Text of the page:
Friday, February 22, 2019

'Shells as big as one's head': A reporter's 1881 Cold Harbor visit

A Confederate reenactor deep in the woods at Cold Harbor on the 153rd commemoration of the battle.
(CLICK ON IMAGES TO ENLARGE.)
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On a dreadfully hot Virginia afternoon two years ago, I lay alone in a Cold Harbor field, staring into a cloudless sky. The humidity was thick. So was the gloom. There may be no sadder Civil War battleground to visit.

As scores of Union wounded lay in no-man's land at Cold Harbor in early June 1864, vultures circled above. Occasionally the massive birds descended to earth to pick at the helpless and the dead. Try imagining that horrid scene.

In the summer of 1881, Philadelphia Times correspondent George Morgan included Cold Harbor on his tour of Southern battlefields.  His first stop was the national cemetery.

"I was already familiar with the things to be seen in a government graveyard -- the well-kept grass, the choice plants, the thriving trees and the clean, neat, pretty lodges -- so Keeper May brought out some relics gathered from the trenches in which fell those who now sleep at our feet," Morgan wrote in a Page 1 story in the Philadelphia newspaper.

And then Morgan toured the battlefield. He didn't have to imagine the horror that took place there 17 years earlier. He found the evidence. Here's his full account of the Cold Harbor visit, published in the Philadelphia Times on Aug. 30, 1881.



              PANORAMA: Union dead and wounded lay in this field in early June 1864.
                                      (Click at upper right for full-screen experience.)

Special Correspondence of The Times

COLD HARBOR, August 27

The little darkey who brought me hither behind a well-lathered horse, pokey and tired from a ten-mile trot, chuckled as he said: "Boss, I'se a a-thinkin' an' a-wunnerin' why dey calls dese heah surrounding 'Cole Ha'boh,'" Something of that kind had occurred to me, for the ride from Richmond had been tedious, the ruts of the sandy roads this side the Chickahominy were deep and shimmering lines of heat constantly waved above the white earth to the right and left. The morning had been a "bilin' time," as the boy frequently remarked, and the approach of noon had made the air no better. But however hot a harbor this place of sun, sand and dust may now seem to me it was indeed a cold harbor for the thousands whom Grant left in the chill of death here in the early days of June seventeen years ago.

The country around is flat and the woods cover more space than the clearings. As we passed slowly along the road from the New Cold Harbor store I saw a line of intrenchments, running off from either side, and a short distance further a second line, higher add apparently of more substantial build. The first line was [Robert E.] Lee's, the second [Ulysses] Grant's, and at this point I think I could have thrown a stone from one to the other. Just down the road we saw a flag, hanging motionless from its staff above the trees, and to that point the horse was whipped with as much speed as wheels that sank in soft sand would permit. The flag floats above the Federal Cemetery. At sunrise, rain or shine, it is sent up its towering pole and, unfolding, there floats or idly droops until the day is done.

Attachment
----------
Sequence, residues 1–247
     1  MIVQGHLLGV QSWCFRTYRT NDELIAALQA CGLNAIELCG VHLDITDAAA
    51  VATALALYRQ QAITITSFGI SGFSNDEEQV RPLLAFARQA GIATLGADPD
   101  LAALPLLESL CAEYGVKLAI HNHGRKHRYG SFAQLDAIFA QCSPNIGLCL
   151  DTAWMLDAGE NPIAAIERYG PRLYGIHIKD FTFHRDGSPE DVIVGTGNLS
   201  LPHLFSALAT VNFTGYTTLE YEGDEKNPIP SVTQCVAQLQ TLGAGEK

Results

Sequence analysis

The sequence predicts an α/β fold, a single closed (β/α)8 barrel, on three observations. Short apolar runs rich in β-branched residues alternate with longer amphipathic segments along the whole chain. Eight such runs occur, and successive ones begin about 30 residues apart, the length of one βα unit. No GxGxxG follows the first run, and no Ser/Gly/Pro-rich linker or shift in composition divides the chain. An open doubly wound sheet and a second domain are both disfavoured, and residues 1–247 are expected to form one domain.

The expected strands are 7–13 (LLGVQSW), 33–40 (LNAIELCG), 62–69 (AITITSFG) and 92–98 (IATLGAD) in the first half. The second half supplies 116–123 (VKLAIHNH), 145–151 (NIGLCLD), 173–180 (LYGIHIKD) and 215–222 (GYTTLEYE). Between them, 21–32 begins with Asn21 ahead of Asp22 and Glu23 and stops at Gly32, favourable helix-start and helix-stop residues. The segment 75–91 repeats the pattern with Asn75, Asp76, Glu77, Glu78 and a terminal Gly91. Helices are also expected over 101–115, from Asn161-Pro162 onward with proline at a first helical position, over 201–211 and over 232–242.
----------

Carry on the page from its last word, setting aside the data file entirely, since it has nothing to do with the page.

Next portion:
What is under the flag


Gravestone for three Federal unknowns at Cold Harbor National Cemetery. 
Beneath it are hundreds of little blocks of stone, which mark the graves of men who fell roundabout, while maples, weeping willows and flowering plants grow thickly along the walks of the pretty enclosure. Keeper May and his son were at work among the flowers, but they dropped their hoes and watering pots to show their visitor the sights of the cemetery and field. I was already familiar with the things to be seen in a government graveyard -- the well-kept grass, the choice plants, the thriving trees and the clean, neat, pretty lodges -- so Keeper May brought out some relics gathered from the trenches in which fell those who now sleep at our feet. Of Minie balls there were great numbers. Some were flattened, some rusty, some mouldy and a few kept their original shape and color. Leaning against a rosebush at the side of the lodge were a half dozen rusty gun-barrels, all loaded and any one of which could yet kill its man. Specimen bits of grapeshot, pieces of shrapnel and shells as big as one's head were also plentiful.